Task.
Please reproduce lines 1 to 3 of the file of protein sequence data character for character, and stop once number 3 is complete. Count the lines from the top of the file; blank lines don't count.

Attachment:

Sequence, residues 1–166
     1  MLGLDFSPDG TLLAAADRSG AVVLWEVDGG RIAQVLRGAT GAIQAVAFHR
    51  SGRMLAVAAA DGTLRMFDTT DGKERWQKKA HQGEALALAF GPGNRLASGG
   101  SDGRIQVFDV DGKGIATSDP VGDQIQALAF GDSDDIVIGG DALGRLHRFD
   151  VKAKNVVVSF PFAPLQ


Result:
Sequence, residues 1–166
     1  MLGLDFSPDG TLLAAADRSG AVVLWEVDGG RIAQVLRGAT GAIQAVAFHR
    51  SGRMLAVAAA DGTLRMFDTT DGKERWQKKA HQGEALALAF GPGNRLASGG